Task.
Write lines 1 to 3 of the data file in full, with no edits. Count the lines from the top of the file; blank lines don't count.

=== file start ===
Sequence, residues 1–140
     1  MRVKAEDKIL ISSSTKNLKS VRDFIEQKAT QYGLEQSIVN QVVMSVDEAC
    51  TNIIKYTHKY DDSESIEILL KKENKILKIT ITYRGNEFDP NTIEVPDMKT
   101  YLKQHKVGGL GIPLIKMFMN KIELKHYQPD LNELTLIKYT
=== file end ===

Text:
Sequence, residues 1–140
     1  MRVKAEDKIL ISSSTKNLKS VRDFIEQKAT QYGLEQSIVN QVVMSVDEAC
    51  TNIIKYTHKY DDSESIEILL KKENKILKIT ITYRGNEFDP NTIEVPDMKT